3. 3. 12 ; LOGIN : VOL. 34, NO. 5 F i g u r e 1 : T i m e s p e n t r e m ov i n g a v e ry l a rg e f i l e Inodes and Extended Attributes The XFS inode consists of three parts: the inode core, the data fork, and the optional attribute fork. The inode core contains traditional UNIX inode metadata such as owner and group, number of blocks, timestamps, and a few XFS-specific additions such as project ID. The data fork contains the previously mentioned extent descriptors or the root of the extent map. The optional attribute fork contains the so-called extended attributes. The con- cept of extended attributes is not part of the Posix file system interface but is supported by all modern operating systems and file systems with slightly differing semantics. In Linux, extended attributes are simple name/value pairs assigned to a file that can be listed and read or written one attribute at a time. Extended attributes are used internally by Linux to implement access control lists (ACLs) and labels for SELinux, but they can also be used for storing arbitrary user metadata [3]. The attribute fork in XFS can either store extended attributes directly in the inode if the space required for the attributes is small enough, or use the same scheme of extent descriptors as described for the file data above to point to additional disk blocks. This allows XFS to support extended attri- bute sizes up to 64 kilobytes, while most other Linux file systems are lim- ited to the size of a single disk block. The size of the inode core is fixed, and the data and attribute forks share the remaining space in the inode, which is determined by the inode size chosen at file system creation time, ranging from 256 to 2048 bytes. For file systems that extensively use ACLs (e.g., for Windows file shares exported by Samba) or for file systems making extensive use of extended attributes, choosing a larger inode size can provide performance improvements, because this extra data can be stored in the inode and does not require reading additional data blocks. Inodes in XFS are dynamically allocated, which means that, unlike many other Linux file systems, their location and number are not determined at mkfs time. This means that there is no need to predict the expected num-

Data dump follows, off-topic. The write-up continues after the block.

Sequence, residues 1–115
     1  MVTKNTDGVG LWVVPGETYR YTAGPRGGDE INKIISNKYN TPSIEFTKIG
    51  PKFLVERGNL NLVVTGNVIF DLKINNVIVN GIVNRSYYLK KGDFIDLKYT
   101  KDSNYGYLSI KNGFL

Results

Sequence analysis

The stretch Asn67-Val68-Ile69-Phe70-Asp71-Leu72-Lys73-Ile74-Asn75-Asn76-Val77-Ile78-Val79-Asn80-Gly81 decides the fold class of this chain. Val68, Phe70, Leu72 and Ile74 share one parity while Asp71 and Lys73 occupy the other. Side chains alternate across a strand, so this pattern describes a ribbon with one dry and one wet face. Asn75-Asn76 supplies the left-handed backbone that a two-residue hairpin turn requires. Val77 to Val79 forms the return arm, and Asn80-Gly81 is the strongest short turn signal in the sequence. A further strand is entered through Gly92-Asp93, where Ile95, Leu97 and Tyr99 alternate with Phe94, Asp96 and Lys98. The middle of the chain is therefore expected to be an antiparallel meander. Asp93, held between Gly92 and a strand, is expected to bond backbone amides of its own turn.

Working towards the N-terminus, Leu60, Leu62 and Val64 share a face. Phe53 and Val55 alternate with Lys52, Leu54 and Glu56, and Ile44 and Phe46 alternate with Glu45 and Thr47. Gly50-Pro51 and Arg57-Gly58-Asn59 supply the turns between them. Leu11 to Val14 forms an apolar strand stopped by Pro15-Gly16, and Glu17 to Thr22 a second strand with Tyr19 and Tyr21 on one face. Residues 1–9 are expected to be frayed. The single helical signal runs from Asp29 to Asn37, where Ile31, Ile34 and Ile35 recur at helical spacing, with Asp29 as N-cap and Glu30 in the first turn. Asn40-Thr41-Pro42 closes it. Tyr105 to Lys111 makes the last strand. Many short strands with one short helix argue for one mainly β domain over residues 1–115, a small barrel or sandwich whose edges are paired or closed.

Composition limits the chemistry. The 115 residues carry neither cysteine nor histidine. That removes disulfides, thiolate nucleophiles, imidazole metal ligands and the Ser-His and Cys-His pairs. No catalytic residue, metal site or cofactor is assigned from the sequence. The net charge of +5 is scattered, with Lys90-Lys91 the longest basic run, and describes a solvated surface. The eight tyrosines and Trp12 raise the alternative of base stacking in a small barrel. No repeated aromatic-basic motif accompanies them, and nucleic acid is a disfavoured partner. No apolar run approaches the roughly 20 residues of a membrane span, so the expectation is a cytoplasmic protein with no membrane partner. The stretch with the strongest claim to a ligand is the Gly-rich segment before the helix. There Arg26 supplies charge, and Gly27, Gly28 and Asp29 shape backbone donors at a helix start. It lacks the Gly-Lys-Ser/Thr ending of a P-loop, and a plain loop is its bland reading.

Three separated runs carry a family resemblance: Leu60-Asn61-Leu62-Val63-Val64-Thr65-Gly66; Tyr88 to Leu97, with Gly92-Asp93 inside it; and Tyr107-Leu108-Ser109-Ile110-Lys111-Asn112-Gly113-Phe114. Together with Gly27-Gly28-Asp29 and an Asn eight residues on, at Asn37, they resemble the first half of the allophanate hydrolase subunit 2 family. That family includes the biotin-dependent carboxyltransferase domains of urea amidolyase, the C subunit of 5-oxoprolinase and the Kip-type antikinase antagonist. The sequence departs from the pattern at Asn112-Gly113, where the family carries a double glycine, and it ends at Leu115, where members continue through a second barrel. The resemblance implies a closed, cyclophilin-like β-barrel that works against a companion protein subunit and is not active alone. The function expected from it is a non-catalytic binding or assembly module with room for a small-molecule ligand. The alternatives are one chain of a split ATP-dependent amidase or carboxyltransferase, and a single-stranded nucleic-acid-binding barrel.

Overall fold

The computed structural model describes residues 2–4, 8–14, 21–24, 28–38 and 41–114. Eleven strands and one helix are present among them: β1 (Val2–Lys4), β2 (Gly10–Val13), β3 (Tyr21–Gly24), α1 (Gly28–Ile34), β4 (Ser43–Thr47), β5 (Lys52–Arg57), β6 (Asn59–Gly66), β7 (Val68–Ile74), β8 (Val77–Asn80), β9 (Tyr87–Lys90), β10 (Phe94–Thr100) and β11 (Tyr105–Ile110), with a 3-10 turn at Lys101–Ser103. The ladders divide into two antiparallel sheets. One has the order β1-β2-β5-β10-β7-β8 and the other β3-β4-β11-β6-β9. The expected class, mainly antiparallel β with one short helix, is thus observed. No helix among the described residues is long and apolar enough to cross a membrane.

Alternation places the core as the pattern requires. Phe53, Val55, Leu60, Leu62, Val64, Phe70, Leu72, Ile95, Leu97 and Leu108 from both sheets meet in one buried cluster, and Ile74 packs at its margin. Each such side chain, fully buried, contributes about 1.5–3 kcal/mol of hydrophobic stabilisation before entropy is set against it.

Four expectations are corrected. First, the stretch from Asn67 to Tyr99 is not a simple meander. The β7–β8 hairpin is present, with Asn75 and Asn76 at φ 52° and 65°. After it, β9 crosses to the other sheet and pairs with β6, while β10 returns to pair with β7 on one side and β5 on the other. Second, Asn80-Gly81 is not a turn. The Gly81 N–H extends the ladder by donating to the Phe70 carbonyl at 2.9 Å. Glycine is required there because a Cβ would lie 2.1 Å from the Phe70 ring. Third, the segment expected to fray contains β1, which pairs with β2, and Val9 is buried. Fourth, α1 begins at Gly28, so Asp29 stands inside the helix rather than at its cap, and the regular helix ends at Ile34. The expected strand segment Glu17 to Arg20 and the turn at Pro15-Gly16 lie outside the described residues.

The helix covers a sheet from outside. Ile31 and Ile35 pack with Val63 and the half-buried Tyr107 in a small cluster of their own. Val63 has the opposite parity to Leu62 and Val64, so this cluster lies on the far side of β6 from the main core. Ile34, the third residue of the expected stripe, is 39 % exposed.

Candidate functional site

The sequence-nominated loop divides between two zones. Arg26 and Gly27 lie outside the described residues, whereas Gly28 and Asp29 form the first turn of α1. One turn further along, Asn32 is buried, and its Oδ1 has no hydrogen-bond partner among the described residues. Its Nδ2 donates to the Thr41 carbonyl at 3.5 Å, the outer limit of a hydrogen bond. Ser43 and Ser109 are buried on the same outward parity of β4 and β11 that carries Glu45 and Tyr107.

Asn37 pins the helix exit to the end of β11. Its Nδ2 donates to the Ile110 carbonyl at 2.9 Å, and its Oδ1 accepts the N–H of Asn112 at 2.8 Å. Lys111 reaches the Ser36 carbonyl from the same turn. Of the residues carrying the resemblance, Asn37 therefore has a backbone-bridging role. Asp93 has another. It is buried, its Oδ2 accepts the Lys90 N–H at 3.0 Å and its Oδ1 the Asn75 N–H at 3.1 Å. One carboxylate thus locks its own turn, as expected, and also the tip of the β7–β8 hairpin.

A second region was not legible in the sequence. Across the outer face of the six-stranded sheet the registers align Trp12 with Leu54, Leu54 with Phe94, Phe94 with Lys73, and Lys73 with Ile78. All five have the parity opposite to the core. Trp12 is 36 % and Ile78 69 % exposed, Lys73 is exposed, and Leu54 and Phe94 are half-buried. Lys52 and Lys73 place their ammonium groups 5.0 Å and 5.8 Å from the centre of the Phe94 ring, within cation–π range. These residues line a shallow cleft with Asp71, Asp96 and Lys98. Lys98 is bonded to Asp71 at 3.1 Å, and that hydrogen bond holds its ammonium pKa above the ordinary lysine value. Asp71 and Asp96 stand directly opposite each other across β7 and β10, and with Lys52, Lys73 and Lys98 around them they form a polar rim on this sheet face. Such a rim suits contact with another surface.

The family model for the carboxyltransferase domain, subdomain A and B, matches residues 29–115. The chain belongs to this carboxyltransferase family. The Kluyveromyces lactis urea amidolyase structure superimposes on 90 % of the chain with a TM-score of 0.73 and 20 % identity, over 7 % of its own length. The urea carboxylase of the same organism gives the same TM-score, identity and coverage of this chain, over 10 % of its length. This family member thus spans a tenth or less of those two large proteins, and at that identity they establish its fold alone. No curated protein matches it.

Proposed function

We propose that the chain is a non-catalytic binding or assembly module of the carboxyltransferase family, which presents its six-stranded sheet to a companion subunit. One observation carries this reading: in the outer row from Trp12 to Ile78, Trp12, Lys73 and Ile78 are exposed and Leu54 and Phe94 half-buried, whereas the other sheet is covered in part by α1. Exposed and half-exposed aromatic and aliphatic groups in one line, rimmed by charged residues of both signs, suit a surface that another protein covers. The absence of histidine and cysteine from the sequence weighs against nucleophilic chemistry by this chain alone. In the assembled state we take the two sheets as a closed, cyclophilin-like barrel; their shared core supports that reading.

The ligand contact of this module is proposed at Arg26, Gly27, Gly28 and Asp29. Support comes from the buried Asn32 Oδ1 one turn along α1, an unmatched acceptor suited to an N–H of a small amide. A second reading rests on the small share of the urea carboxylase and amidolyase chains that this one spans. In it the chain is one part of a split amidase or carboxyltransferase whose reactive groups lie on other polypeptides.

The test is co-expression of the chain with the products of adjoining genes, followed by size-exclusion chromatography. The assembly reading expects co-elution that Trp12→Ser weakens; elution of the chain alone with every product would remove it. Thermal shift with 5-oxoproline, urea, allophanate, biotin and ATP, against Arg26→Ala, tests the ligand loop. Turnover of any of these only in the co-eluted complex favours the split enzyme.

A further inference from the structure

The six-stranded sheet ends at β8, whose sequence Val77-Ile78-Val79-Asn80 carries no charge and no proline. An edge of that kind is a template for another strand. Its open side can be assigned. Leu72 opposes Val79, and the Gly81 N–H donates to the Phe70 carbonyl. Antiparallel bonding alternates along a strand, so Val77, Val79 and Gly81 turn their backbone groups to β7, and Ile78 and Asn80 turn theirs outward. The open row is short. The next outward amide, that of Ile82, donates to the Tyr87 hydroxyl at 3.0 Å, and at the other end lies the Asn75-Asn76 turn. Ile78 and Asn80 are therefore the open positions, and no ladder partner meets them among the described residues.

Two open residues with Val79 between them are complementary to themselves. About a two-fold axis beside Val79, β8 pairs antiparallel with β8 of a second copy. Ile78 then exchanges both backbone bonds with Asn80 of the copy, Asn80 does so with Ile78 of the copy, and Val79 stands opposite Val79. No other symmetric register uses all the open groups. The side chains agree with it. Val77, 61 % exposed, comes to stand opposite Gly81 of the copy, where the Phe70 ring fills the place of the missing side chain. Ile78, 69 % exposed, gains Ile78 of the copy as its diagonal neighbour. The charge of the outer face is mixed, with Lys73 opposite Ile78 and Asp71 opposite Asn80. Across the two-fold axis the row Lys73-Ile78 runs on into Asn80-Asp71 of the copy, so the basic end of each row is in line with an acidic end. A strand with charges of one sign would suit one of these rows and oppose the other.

4. 4. ; LOGIN : October 2009 XFS: the big storage file ­system for Linux 13 ber of inodes when creating the file system, with the possibility of under- or overprovision. Because every block in the file system can now possibly con- tain inodes, an additional data structure is needed to keep track of inode lo- cations and allocations. For this, each allocation group contains another B+ tree tracking the inodes allocated within it. Because of this, XFS uses a sparse inode number scheme where inode num- bers encode the location of the inode on disk. While this has advantages when looking up inodes, it also means that for large file systems, inode numbers can easily exceed the range encodable by a 32-bit integer. Despite Linux’s having supported 64-bit-wide inode numbers for over 10 years, many user-space applications on 32-bit systems still cannot accommodate large inode numbers. Thus by default XFS limits the allocation of inodes to the first allocation groups, in order to ensure all inode numbers fit into 32 bits. This can have a significant performance impact, however, and can be disabled with the inode64 mount option. Directories XFS supports two major forms of directories. If a directory contains only a few entries and is small enough to fit into the inode, a simple unsorted lin- ear format can store all data inside the inode’s data fork. The advantage of this format is that no external block is used and access to the directory is extremely fast, since it will already be completely cached in memory once it is accessed. Linear algorithms, however, do not scale to large directories with millions of entries. XFS thus again uses B+ trees to manage large di- rectories. Compared to simple hashing schemes such as the htree option in ext3 and ext4, a full B+ tree provides better ordering of readdir results and allows for returning unused blocks to the space allocator when a directory shrinks. The much improved ordering of readdir results can be seen in Fig- ure 2, which compares the read rates of files in readdir order in a directory with 100,000 entries. F i g u r e 2 : Co m pa r i s o n of r e a d i n g a l a rg e ( 1 0 0, 0 0 0 e n t ry ) ­d i r e c to ry, t h e n r e a d i n g e ac h f i l e 0 500 1000 1500 2000 2500 3000 3500 4000 Rate(Files/s) Reading 100.000 4kiB files in readdir order Seagate ST373454SS SATA disk XFS ext4 ext3